Although Mpumalanga is not the only province in South Africa with excellent game viewing, national parks and luxury lodges, it's here that the safari experience has been perfected. About half the Kruger National Park is in this lovely province and there are so many private game reserves and lodges than you will have a hard time choosing. Like Limpopo Province to its immediate north, Mpumalanga straddles the escarpment between the Lowveld and the Drakensberg, so the different parts of the province have different characters. The Lowveld is hot and humid with broad-leaved forests
and wide, slow rivers, while the Highlands are cool and green, with
rolling grasslands, pine plantations, pockets of indigenous forest and
cheerfully gurgling mountain streams and waterfalls. Most of the game is in the Lowveld, while the attractions of the Highlands include hiking, horse trails, river rafting and other adventure activities, such as gorge swings and abseiling.
The Restaurant at the End of the Universe, near the town of Waterval Boven, is one of South Africa's most popular climbing destinations. The fly fishing in the Highlands area is awesome, particularly near the pretty town of Dullstroom, where there are loads of dams and streams well stocked with fat trout. There are awesome birds
to be spotted, both in the game reserves and in the Highlands, where
you're likely to see some montane grassland species, including the rare
and endangered blue swallow. For a bird's eye view, rather than a view
of birds, you can choose between microlight flights and gentle floats in a hot air balloon. Mpumalanga also has some fantastic paragliding and hang gliding launch sites - particularly along the escarpment. The mountain biking is great. Even with so much to do, many people visit Mpumalanga just to sight-see. The Panorama Route is a scenic meander taking in some fabulous sights, including the Blyde River Canyon, Bourke's Luck Potholes, the Three Rondawels, the Swadini Dam and many beautiful waterfalls and spectacular vistas including one called God's Window.
The Blyde River Canyon is the biggest vegetated canyon in the world. Second
in size only to the Grand Canyon in the USA, and the Fish River Canyon
in Namibia, it is
lush and green with a plethora of plant and animal life and is a major
centre of endemism. It's also where Antarctica and Madagascar split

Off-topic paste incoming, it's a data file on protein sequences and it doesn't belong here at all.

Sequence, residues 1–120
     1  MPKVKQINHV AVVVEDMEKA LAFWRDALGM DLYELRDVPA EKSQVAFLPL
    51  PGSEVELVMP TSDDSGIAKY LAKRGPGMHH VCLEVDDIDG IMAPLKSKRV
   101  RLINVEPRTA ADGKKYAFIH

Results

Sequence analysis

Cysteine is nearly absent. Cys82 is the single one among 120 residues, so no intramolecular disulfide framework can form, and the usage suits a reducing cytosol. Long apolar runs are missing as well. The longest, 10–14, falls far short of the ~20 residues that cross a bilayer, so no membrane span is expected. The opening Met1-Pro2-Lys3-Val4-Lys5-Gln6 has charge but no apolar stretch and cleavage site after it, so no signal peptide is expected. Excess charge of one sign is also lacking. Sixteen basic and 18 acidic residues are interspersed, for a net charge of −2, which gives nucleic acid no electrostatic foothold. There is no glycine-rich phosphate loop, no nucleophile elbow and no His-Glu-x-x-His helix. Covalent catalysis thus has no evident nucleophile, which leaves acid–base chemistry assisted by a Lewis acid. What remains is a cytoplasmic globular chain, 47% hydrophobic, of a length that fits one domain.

away from Africa a few million years ago during the break-up of the
super-continent Gondwanaland. Also in the canyon, is Bourke's
Luck Potholes - a fantastically contorted area of scenic potholes, and
deeply scoured canyons. The Blyde is a great river to raft,
with some pretty challenging rapids, but it also offers fun family
paddling on a gentler section. The Three Rondawels are three conical
hills and the Swadini Dam at the end of the canyon is a lovely stretch
of water. Also on the Panorama Route is the rather cutesy museum town of Pilgrims Rest.
The mines were active until the 1970s when they became terminally
unprofitable, and the whole town was bought up by the provincial
authorities to be converted to a tourist attraction. Museums, cute
craft outlets, coffee shops, restaurants and the original hotel with
its characterful bar bring the gold rush era vividly to life. Pilgrims Rest was the venue for the World Gold Panning Championships in 2005.
Mpumalanga's cultural attractions are particularly colourful. The iconic Ndebele artwork that is almost synonymous with South Africa is produced in the museum village of Botshabelo.
Colourful beadwork and small painted articles can be admired and
purchased while the magnificent painted buildings are - unfortunately -
not for sale as souvenirs. They're well worth photographing, though. Kids will love the dinosaur park, just outside the deep and convoluted Sudwala Caves. Mpumalanga has a very interesting technical freshwater diving destination that will appeal to technical divers.
Note: If you are planning to travel to the north eastern parts of Mpumalanga or Swaziland please be aware that this region is malarial. Consult your doctor or travel clinic for advice and refer to our article on malaria.